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China’s Regulatory Shift Ripples Across Global Stock Markets

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April 17, 2015

Friday’s stock market influence could come from afar if the selling current that started in Asia and carried to Europe washes up on U.S. shores. Chinese regulatory moves are behind the broad stock sell-off. That trumps the domestic fundamental news and technical consolidation that’s dominated trading for much of this week—I mean the S&P 500 (SPX) has only moved about 50 points total since March 20.

U.S. Stocks closed Thursday’s session a touch lower in a move largely considered to be a technical churn at these highs. Deeper losses were likely limited by a handful of Fed members who suggested a near-term interest-rate hike might be less likely. The S&P 500 (SPX) ended 0.5% shy of its all-time closing high of 2,117.39 struck on March 2. Despite the down day, the finish above 2100 will be considered a minor victory by the bulls (figure 1).

FIGURE 1: 2100 HOLDS.

Choppy, chart-driven trading prevailed Thursday, although the S&P 500 (SPX) finished above a major line at 2100. Data source: Standard & Poor’s. Chart source: TD Ameritrade’s thinkorswim® platform. For illustrative purposes only. Past performance does not guarantee future results.

China Allows Short Selling. Chinese authorities on Friday opened the door for fund managers to lend shares for short-selling and will also expand the number of stocks investors can short sell. Industry analysts said it’s a move that could be aimed at cooling red-hot markets, including a 17% year-to-date gain in Hong Kong’s Hang Seng. The news triggered sharp losses for Chinese stock-index futures, which in turn triggered drops in U.S. stock futures and European equities. Global traders digested this news at about the same time that a widespread Bloomberg tech outage disrupted trading.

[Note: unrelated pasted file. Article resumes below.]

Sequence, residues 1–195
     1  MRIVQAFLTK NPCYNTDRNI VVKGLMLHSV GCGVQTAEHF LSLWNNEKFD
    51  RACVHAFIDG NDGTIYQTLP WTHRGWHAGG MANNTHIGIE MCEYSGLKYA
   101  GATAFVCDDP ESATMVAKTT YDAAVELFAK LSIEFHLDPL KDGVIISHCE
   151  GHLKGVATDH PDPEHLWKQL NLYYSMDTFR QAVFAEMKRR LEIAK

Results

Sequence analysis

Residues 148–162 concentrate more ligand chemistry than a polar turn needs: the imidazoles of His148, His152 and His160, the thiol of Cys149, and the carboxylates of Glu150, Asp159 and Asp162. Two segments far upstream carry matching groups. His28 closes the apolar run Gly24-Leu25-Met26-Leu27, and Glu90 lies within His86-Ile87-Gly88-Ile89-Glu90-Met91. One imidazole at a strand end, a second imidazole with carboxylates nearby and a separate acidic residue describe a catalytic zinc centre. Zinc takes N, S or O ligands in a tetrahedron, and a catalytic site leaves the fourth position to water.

Industrials disappoint. General Electric (GE), whose internal shuffle cheered markets in recent days, delivered a stinker of an earnings report today. GE said Q1 revenue fell in part on weakness in its oil-and-gas business and foreign exchange sting. It also took some charges related to that plan to sell off the bulk of its lending arm. Excluding exit charges, GE's operating earnings narrowly topped expectations, while revenue was shy. Another early decliner, Honeywell International (HON) is a leading decliner after its profit beat Street expectations but it missed with sales and cut its outlook. For 2015, the industrial conglomerate cut is sales outlook to a range of $39 billion to $39.6 billion from $40.5 billion to $41.1 billion, but raised the lower end of its EPS outlook to a range of $6 to $6.15 from $5.95 to $6.15.

Coming Next Week. Next week will be big on the earnings front, with almost 150 S&P 500 members scheduled to report Q1 results.

Good trading,
JJ
@TDAJJKinahan

JJ Kinahan

JJ began his career in 1985 as a Chicago Board Options Exchange...

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